Young niggas, boss status, with some reputations from the shit that we did
Play with my niggas we hitting ya head, turn the casket to a nigga new bed
I don’t never talk, I ain’t saying no words, so a nigga don’t say they heard shit that I said — “BBB”

6. Benny the Butcher

 
 

Buffalo’s Benny the Butcher is a Westside Gunn affiliate, Alchemist collaborator, and nostalgic, grimy 90’s New York hip-hop revivalist. His storytelling is classic NY — murder tales snail-paced over paranoid boom-bap, with clever lyricism punctuated by long-winded ad-libs [*GRRRRRRRRR!*]. The Griselda Records crew has long since carved a lane of their own, receiving critical acclaim and nods from major publications, but may not carry the same mainstream appeal a many of the artists on this shortlist. That being said, Benny is a rarity and a professional at his craft, exemplified by cuts like “Broken Bottles” and “Rubber Bands & Weight” (above).

Y’all like these rappers, but I don’t find it amusing, no
I don’t buy they movement, so I don’t buy their music
I wrote get rich manuals where I provide the blueprint
And with pride, I preach this new shit, just like I’m inside a pulpit — “Broken Bottles”

7. Bhad Bhabie

 
 

God bless. I said Boynton Beach’s Bhad Bhabie would disappear by the end of last year. But I also said that part may not be true, so I get partial credit. She’s still doing her thing — that is, attitude-riddled club trap with addictive hooks linked up with excellent features — and consistently racks up tens of millions of views, so to be perfectly honest I don’t think Bhad Bhabie even needs to be a Freshman. She’s a fucking professional, that’s for sure. (“Juice”“Bestie”)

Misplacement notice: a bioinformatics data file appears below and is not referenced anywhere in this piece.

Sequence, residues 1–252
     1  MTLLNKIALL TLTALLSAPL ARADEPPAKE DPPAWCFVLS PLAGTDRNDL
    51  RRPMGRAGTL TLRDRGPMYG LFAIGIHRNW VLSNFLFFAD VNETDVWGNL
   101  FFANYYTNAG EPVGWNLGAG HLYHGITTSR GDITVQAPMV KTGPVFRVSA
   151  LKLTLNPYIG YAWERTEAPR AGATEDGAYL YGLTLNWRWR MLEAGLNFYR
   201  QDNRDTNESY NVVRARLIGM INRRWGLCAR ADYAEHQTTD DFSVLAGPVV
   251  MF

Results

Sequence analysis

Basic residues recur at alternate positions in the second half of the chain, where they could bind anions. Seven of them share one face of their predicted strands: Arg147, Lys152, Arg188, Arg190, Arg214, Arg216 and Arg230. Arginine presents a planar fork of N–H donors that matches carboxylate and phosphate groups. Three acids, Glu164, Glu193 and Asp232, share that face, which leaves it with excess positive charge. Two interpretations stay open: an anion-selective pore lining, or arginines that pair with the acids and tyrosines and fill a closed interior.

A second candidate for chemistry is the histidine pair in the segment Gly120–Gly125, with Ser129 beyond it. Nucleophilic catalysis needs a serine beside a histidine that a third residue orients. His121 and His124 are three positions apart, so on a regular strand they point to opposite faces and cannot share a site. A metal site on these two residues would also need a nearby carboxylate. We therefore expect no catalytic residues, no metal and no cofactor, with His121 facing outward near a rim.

Comin’ out hard like ’88, make a bitch levitate
Babyface savage, bitch, I don’t play Patty Cake
Charms in the carrot cake, carats in the Patek face
Cop a new coupe, no top, that’s the Cali’ way — “Babyface Savage” (above)

8. Blueface, baby

 
 

If all you’ve heard from LA’s Blueface is “Thotiana” and the other “Thotiana”I unironically insist you watch (yes, even the first half) & listen to “Respect My Crypn” (above). First, his fingers are spiders — amazing. Second: the charm, self-assurance, and moments of undeniable flair are clearer than they’ve been for any hip-hop star in years. Outside of being unfairly good-looking for a goofy, briefcase-and-mop carrying Crip, Blueface’s utilization of offbeat flow, earworm adlibs, and clever one-liners makes him a legitimately excellent entertainer. I’d hate to see him cemented as a one-hit wonder and remembered only for “Thotiana”, because I really do believe songs like “Bleed It” and “Deadlocs” are tracks that couldn’t have been made by anyone else. [*Yeaaaight*]

Fuck a handgun, bitch, I brought a MAC in (MAC in)
Gotta keep a technical in case a nigga hackin’ (Hackin’)
Glock with a dick on my lap, I’m in traffic (Traffic)
My pistol bloated, ready to unload it (‘Load it) — Bleed It”

Edward Chao